What Are We Doing for Our Struggling Youth?

Photo courtesy BaMidbar

By Jory Hanselman and Rabbi Eliav Bock

Imagine a twenty-four year old. He graduated from a top tier university, but now can’t get out of bed. He is struggling to show up where he needs to be each day, is smoking marijuana, and is feeling depressed, scared and anxious. He knows he needs help, but where does he turn?

What about the nineteen year old, who is unsure of their gender identity, and feeling alone in a world that seems to rain down bigotry and hatred. They want to stand strong, but feel crushed by the weight of society’s pressures. They are lost and afraid, and wonder if life is worth living.

Photo courtesy BaMidbar

Now imagine a twenty-two year old living in her parents’ home. She can’t find steady employment and does not want to finish college. Emotionally shut down, she is angry at herself and the world for actions perpetrated against her. Her peers are moving on with their lives; she and her parents seem to be caught in an epic, multi-year battle about her future and what she should be doing.

What do these individuals have in common? They are struggling with a healthy transition from adolescence to adulthood. While they might have differing underlying mental health challenges, they are in the category often termed “Failure to Launch.”

And all of these individuals, and many more like them, enrolled in BaMidbar Wilderness Therapy (BaMidbar), the country’s only Jewish wilderness therapy program. BaMidbar launched just over a year ago as an oasis for young adults struggling with a variety of mental health challenges. Students spend spend 9-12 weeks in an intensive therapeutic environment in Pike National Forest as they develop tools not only to survive, but to thrive.

Wilderness therapy, also known Outdoor Behavioral Healthcare, uses the wilderness and adventure-based activities as a vehicle for therapeutic growth. Free from distractions and the constant stimulus that defines life in the digital age, participants have a chance to find healing and chart a path for a brighter future. Like our forefathers, Abraham, Jacob, and Moses, who found God and spirituality in the wilderness, BaMidbar students spend time in nature rediscovering themselves and their spiritual core. They build skills to recover from adversity, are empowered to break free of the habits and patterns that limit their lives, and embark on a new journey of living well.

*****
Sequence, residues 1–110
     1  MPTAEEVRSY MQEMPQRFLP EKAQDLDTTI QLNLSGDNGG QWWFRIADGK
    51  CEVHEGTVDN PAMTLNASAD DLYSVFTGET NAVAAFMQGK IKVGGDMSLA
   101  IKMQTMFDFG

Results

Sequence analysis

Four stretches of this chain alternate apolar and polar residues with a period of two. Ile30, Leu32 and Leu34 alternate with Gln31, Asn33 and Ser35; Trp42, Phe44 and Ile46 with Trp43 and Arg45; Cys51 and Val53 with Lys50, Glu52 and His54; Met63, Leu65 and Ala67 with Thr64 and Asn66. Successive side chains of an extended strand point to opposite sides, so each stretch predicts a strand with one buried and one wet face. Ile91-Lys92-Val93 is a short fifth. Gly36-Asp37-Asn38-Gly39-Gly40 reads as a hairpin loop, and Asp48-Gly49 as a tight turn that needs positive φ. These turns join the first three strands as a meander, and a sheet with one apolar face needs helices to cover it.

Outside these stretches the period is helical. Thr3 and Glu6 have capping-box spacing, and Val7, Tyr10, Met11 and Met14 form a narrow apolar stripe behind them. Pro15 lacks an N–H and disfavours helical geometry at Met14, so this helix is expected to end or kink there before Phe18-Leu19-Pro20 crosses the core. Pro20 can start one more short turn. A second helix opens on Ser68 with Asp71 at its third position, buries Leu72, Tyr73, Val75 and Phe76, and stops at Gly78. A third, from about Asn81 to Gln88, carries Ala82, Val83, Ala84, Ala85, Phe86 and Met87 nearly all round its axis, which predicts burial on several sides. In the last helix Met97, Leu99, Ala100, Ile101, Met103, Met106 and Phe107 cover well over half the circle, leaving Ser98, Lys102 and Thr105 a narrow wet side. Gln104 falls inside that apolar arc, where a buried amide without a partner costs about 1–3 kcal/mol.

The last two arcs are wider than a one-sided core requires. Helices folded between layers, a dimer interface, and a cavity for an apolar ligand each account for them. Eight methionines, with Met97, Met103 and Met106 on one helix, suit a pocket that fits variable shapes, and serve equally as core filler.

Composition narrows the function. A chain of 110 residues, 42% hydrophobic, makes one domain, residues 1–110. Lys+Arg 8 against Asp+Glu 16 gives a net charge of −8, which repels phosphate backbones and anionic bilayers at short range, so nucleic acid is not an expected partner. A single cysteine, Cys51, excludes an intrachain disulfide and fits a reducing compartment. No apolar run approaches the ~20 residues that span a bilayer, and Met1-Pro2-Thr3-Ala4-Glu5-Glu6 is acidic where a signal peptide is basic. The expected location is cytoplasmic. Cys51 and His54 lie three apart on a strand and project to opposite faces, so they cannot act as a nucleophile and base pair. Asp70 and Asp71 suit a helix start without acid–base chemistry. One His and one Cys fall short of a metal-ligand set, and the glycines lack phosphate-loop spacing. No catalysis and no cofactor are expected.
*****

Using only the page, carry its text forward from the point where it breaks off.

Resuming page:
One year into this program, we have noticed a few trends and learning for the field in general.

  1. Over two dozen similar programs exist in North America, many of them with Native American, Eastern, or Christian inspired frameworks. Programs integrate ritual to mark and effect change, yet that ritual is often disconnected from each student’s individual heritage. By integrating Jewish storytelling, tradition, and ritual, BaMidbar is able to magnify impact of the wilderness therapy environment for a Jewish-identified population.
  2. While our program currently serves emerging adults 18-26, 40% of our inquiries are for adolescence; there is clearly a need for a similar program to serve high school aged youth. Many families, highly engaged in their Jewish communities, have nowhere to turn when their child starts to struggle in Day School or in Jewish Youth groups. Speaking with Day School educators, we constantly hear that they wish we could accept younger students. We are looking into licensure for an adolescent program, but due to Colorado licensing logistics, we are 18+ months away from opening any such program.
  3. Wilderness therapy is expensive. Pricing in the industry is oftentimes shrouded in secrecy; few programs list their prices, and almost all programs are for-profit. Some of BaMidbar’s students come from families with significant means, while others require considerable financial assistance. We are committed to helping any who we think would benefit from our program and work with families through our scholarship process and insurance reimbursement. Thus far, local and National Jewish funders have stood behind our commitment to work with all families, regardless their financial resources.
  4. The American Jewish community is only beginning to grapple with the mental health crisis facing our youth. We have yet to meet a community leader or funder who tells us that we are on the wrong track. Some have expressed surprise or admiration at the willingness of Camp Ramah, our parent organization, to associate with this cause. And most also admit that when Jewish families have issues with their children, Rabbis and community leaders are often the last people they tell. Only in the past few years have we begun to hear of leaders willing to speak openly about mental health challenges facing their own families. These brave individuals will help to change the discourse in the American Jewish community and bring families struggling with these issues into the light.

We know that BaMidbar is paving the way for many other organizations to open their doors to those suffering from a variety of mental health challenges. The need for Jewish mental health programming is vast, far beyond what can be served by a single organization. We hope BaMidbar will serve as a catalyst for communities, and that in the coming years we see increased numbers of Jewish mental health programs across the country.

Jory Hanselman is Director of BaMidbar Wilderness Therapy at Ramah in the Rockies and Rabbi Eliav Bock is Executive Director of Ramah in the Rockies.